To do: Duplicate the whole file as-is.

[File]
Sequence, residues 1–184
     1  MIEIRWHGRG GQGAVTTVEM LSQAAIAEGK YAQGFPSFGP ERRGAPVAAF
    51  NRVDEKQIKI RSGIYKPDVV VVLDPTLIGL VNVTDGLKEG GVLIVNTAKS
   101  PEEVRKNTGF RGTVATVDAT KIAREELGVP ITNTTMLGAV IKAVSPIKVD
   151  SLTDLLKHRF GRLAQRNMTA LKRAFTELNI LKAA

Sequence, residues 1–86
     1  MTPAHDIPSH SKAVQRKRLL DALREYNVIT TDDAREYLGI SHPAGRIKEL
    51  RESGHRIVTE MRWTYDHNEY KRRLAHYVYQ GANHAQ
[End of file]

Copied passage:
Sequence, residues 1–184
     1  MIEIRWHGRG GQGAVTTVEM LSQAAIAEGK YAQGFPSFGP ERRGAPVAAF
    51  NRVDEKQIKI RSGIYKPDVV VVLDPTLIGL VNVTDGLKEG GVLIVNTAKS
   101  PEEVRKNTGF RGTVATVDAT KIAREELGVP ITNTTMLGAV IKAVSPIKVD
   151  SLTDLLKHRF GRLAQRNMTA LKRAFTELNI LKAA

Sequence, residues 1–86
     1  MTPAHDIPSH SKAVQRKRLL DALREYNVIT TDDAREYLGI SHPAGRIKEL
    51  RESGHRIVTE MRWTYDHNEY KRRLAHYVYQ GANHAQ